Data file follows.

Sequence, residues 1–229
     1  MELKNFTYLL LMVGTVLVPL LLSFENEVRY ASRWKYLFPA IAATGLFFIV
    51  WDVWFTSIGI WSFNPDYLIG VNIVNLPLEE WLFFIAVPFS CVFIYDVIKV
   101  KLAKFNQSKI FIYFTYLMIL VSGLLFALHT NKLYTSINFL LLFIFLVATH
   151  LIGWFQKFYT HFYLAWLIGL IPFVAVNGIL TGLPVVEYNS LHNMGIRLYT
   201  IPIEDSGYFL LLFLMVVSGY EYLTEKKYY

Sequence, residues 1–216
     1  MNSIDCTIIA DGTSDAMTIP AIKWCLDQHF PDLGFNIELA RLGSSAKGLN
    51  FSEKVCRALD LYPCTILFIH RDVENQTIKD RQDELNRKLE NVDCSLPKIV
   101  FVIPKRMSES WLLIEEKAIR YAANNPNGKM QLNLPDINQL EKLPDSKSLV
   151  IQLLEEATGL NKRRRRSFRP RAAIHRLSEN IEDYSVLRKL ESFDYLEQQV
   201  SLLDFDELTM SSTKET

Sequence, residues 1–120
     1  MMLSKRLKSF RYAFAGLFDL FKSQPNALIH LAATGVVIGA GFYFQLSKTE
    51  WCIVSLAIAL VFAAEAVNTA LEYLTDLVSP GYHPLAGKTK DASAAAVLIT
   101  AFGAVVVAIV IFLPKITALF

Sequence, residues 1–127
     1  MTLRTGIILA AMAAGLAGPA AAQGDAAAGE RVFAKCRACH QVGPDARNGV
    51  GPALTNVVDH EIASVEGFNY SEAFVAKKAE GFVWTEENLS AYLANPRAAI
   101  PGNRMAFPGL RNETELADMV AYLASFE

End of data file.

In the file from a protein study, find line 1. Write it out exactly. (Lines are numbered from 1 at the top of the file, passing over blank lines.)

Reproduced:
Sequence, residues 1–229